Interxion has switched on a €15 million ($17m) river water cooling system in Marseille, France, which it says will save up to 18,400MWh of energy per year.
Interxion's MRS2 and MRS3 are being cooled by underground water diverted from a former mine, through 3km of buried pipework, resulting in a power usage effectiveness (PUE) of 1.2.
MRS4, due to open in Q2 2022, will also use the river cooling system.
Deep waters run cool
Interxion, Digital Realty's European subsidiary, has been developing a strong presence in Marseille for some time, due to its position as a gateway to fiber links across to Africa and the Middle East. Its recently opened third data center there, MRS3, is in a converted WW2 submarine base.
The company has spoken before of its liquid cooling ambitions for the site, which are based on its proximity to a decommissioned coal mine. Wastewater from that mine was "traditionally pumped into the river and out to sea,” Digital's director of sustainability Aaron Binkley told DCD in 2020. Instead, it is being “piped to our Marseille data center campus, and it's being used as a chilled water source to limit cooling energy needs. It's helping to make the facility more efficient by getting free cooling out of what is a wastewater stream.”
The system makes use of ‘La Galerie de la Mer’, a long tunnel created between 1885 to 1907, from the mining towns of Biver and Gerard in Gardane, which removed water from the Biver and Gerard mines to the Mediterranean Sea near Marseille. As well as a 550mm water pipe, the tunnel also has a railway track and was once used to transport coal to Marseille.
The cooling system took two and a half years to build and involved the construction of three kilometers of new buried pipework to divert the underground water from a pumping station in the Galerie to the facilities, along with 27 heat exchangers at the data centers themselves that use the 15C temperature of the underground water for cooling.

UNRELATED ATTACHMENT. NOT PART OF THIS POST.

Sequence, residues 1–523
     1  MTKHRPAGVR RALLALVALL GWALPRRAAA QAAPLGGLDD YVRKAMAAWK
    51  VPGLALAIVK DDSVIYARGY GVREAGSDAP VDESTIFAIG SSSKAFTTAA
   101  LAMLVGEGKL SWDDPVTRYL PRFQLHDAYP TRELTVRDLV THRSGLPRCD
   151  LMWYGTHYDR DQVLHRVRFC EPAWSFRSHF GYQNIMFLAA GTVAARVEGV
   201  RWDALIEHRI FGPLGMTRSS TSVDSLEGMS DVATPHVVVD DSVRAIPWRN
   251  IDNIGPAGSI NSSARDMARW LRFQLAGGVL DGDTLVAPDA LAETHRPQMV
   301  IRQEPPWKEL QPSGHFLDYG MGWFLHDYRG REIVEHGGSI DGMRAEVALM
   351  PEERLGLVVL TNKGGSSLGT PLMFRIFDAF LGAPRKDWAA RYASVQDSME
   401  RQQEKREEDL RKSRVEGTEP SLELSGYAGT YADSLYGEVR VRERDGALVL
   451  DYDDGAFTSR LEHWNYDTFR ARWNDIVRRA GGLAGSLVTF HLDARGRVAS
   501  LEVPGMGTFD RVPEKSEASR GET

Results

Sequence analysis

Interxion says this will save up to 18,400MWh of energy per year, mitigating the equivalent of 795 tons of CO2, and allowing Interxion's Marseille data centers to dispense with electric chillers.
The piping system will also be developed so that the hot water output can be fed into the Euromediterranée urban heating network which connects 500,000 sq m of offices and homes, making this a circular economy project.
"In addition to seeking local resources for cooling our data centers, we are systematically studying the availability of the calories emitted by our data centers for district heating purposes. River cooling is therefore a successful example of innovation and circular integration in its territory. As a result, this project has received technical and financial support from Ademe (French Environment and Energy Management Agency) and the South Region, who we would like to thank", said Linda Lescuyer, energy director at Interxion France.
Fabrice Coquio, Managing Director, Interxion France. said: "The river cooling solution reflects our strong desire to support the development of the digital economy while minimizing the impact of our data centers on the environment. How do we do this? By providing the eco-responsible data centers that our customers, investors, employees, and citizens expect. This innovation provides our customers with a solution that is 30 times more energy-efficient than traditional cooling systems, enabling them to reduce the carbon footprint of their data centers at Interxion and meet their CSR objectives."
The solution was designed by Interxion, Dalkia Smart Building, and EDF Group with the support of Cap Ingelec, Largier Technologies, Schneider Electric, and Victaulic.
Interxion has put a demo of the system online, along with this video.